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Lessons in Journalism from the Games

Written by Lee Small '09
2/9/2009

Lee Small '09 at the Great Wall of China

Last summer I went to the Beijing Olympic Games. Okay, so I wasn’t competing in any events, but I did experience the games firsthand -- as an intern for the Olympic News Service (ONS). As a journalism minor, I was excited by the opportunity. I looked forward to learning more about the journalistic process and was eager to apply what I’d learned in class to this experience. I had never studied abroad and thought that spending two months in Beijing working for the Olympics would be the next best thing -- if not better. I quickly found out that all is not equal in journalism in different countries, and I left China with a sense of pride in my country’s news reporting system.

The author covered water polo for the Olympic News Service.

The author covered water polo for the Olympic News Service.


The process of being selected for the ONS program took more than a year. It included applying for the internship, organizing our group, and finalizing the details of our trip. In the end, 21 Ithaca College students were accepted as ONS flash quoters (flash quotes are sound bites from athletes), and each of us was assigned to a specific sport at the games. I was assigned to cover water polo, and although I had no prior knowledge of the sport, I learned to enjoy it for the physicality, endurance, and sheer talent of the competitors.

The United States men's water polo receives the bronze medal.

The United States men's water polo receives the bronze medal.

During the first month of our 51-day trip, we spent time at famous landmarks like the Great Wall of China, the Forbidden City, and Tiananmen Square and became familiar with our surroundings. I was surprised by many things in China. The food was unique to say the least, the streets and buildings were jammed with residents, and driving rules were basically nonexistent. But the thing that shocked me the most was the difference between American and Chinese journalism.

During the games I spent most of my time watching water polo matches and interviewing athletes and coaches to gather quotes. The ONS essentially served as the Associated Press for the Olympic Games. As Americans, we take for granted the wide array of information American media provide to the public. The same cannot be said for Chinese media. There is only one television outlet, which is state run, and the sole newspaper is also state run. As you’d probably guess, radio is also run by the state. While state regulation of media came as a shock to me, I was also surprised to find that my Chinese friends did not think twice about the media services in their country.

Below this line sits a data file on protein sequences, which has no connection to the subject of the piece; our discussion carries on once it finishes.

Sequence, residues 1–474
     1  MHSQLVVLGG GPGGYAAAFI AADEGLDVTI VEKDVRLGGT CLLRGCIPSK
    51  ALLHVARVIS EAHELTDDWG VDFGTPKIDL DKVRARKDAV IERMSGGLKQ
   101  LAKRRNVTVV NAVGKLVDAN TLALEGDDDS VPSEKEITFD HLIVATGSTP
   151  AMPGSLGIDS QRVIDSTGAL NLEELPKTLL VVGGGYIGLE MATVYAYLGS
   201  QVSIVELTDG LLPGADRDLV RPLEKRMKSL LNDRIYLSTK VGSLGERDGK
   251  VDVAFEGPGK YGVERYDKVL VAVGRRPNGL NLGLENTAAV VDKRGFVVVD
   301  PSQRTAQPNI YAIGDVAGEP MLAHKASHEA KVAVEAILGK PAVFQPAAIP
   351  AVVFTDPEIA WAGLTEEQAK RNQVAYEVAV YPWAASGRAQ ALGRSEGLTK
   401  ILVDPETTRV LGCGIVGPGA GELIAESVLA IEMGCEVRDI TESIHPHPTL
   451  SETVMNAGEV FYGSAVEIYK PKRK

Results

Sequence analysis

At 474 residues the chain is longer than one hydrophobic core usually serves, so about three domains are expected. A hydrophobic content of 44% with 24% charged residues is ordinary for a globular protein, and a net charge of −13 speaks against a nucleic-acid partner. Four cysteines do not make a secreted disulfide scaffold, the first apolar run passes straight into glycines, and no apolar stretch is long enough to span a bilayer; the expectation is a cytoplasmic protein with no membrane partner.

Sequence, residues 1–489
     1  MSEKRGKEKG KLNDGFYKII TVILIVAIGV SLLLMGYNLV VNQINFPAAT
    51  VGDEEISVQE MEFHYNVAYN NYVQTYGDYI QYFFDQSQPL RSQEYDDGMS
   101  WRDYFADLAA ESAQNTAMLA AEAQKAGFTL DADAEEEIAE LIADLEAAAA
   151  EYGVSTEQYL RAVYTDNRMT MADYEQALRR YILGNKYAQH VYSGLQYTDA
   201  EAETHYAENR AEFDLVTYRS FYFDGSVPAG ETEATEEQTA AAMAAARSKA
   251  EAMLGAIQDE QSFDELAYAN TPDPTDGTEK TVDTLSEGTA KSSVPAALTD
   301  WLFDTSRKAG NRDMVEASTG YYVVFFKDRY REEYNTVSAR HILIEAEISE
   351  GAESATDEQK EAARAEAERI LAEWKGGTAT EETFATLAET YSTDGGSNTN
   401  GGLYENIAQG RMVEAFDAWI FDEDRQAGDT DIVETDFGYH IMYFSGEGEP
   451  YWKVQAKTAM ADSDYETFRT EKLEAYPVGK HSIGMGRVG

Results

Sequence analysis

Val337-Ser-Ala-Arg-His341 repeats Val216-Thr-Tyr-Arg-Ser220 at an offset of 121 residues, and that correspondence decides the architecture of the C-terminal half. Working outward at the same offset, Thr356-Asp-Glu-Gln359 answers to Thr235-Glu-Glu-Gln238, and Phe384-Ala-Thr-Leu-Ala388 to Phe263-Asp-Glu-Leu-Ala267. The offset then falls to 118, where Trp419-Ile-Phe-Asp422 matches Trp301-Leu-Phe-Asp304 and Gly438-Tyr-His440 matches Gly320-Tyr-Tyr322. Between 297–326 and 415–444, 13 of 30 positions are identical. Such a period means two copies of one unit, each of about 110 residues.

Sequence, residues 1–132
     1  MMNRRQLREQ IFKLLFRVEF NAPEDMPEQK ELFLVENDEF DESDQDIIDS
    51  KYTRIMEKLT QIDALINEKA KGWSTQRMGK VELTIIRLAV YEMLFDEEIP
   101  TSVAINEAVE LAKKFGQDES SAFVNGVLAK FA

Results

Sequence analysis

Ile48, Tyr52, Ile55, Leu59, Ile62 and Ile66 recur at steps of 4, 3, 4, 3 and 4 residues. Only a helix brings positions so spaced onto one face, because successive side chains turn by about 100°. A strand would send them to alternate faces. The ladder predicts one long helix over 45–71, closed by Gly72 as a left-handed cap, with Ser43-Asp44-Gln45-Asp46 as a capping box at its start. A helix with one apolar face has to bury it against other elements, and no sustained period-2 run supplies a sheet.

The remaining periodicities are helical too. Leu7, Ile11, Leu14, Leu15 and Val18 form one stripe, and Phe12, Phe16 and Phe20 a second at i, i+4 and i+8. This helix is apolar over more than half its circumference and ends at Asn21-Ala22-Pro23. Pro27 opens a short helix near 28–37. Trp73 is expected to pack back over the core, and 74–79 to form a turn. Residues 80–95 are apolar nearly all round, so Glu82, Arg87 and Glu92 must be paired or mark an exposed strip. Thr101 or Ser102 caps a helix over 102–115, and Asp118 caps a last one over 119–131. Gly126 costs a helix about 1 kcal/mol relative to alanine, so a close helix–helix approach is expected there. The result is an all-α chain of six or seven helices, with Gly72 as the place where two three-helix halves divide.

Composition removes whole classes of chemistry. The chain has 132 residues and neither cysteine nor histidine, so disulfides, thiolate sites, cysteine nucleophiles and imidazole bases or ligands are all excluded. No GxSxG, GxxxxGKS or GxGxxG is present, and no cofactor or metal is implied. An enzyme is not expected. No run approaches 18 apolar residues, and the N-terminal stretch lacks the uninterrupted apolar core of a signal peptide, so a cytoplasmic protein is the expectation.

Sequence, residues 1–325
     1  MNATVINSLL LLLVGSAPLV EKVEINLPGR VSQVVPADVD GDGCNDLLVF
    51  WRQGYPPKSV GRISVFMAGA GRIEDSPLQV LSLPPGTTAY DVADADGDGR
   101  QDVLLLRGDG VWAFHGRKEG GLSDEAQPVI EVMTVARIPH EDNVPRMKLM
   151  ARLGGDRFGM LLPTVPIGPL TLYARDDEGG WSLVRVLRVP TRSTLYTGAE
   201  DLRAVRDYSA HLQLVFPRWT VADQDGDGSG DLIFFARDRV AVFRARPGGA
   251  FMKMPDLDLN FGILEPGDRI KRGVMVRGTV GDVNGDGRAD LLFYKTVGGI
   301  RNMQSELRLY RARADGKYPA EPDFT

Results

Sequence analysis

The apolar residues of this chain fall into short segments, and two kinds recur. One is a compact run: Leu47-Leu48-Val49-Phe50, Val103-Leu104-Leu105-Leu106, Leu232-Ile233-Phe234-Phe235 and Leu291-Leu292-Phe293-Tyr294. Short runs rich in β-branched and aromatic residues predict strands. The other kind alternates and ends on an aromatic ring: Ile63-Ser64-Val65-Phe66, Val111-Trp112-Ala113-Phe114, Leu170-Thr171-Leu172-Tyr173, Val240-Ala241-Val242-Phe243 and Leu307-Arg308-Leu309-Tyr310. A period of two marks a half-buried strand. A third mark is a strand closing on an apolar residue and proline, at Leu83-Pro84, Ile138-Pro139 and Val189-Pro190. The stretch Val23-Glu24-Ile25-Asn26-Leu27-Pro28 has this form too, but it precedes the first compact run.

Some Americans may not like Fox News, but we forget that we are allowed to listen to different viewpoints. Others are not so lucky. Rather than getting news from objective sources, Chinese citizens receive their news directly from the state without an interpreter. What is said goes, and people don’t question the legitimacy of the claim. Take for example the controversy surrounding the real age of several Chinese gymnasts at the games. While in China, I didn’t see or hear anything about officials from other countries questioning the age of the gymnasts. Yet in America, this story was being reported from all angles -- the views of the Chinese team and those of other teams. In China, it was as if the controversy didn’t exist. This story is a perfect example of how the Chinese government regulates the flow of information to the public.

When I enter the field of journalism after graduation, I will relish the ability to investigate claims without being spoon-fed the news. It is true that news serves a different function in China than it does in the States, but that doesn’t mean that we can’t be proud of our system. The experiences I had in China helped give me a better understanding of what makes good journalism. I’ve seen two different cultures reporting the news, giving me an understanding of what people want, need, and crave.

More than anything, stepping off that plane in Washington, D.C., meant a return to hard-nosed reporting. Yes, our country may have experienced the Stephen Glass and Jayson Blair scandals, but you must think of them as the exception, not the rule. In the end, you never appreciate the news until you don’t have it. I went without it this summer for 51 days and am thankful for the reminder that, as the New York Times says, Americans receive “all the news that’s fit to print.”



 



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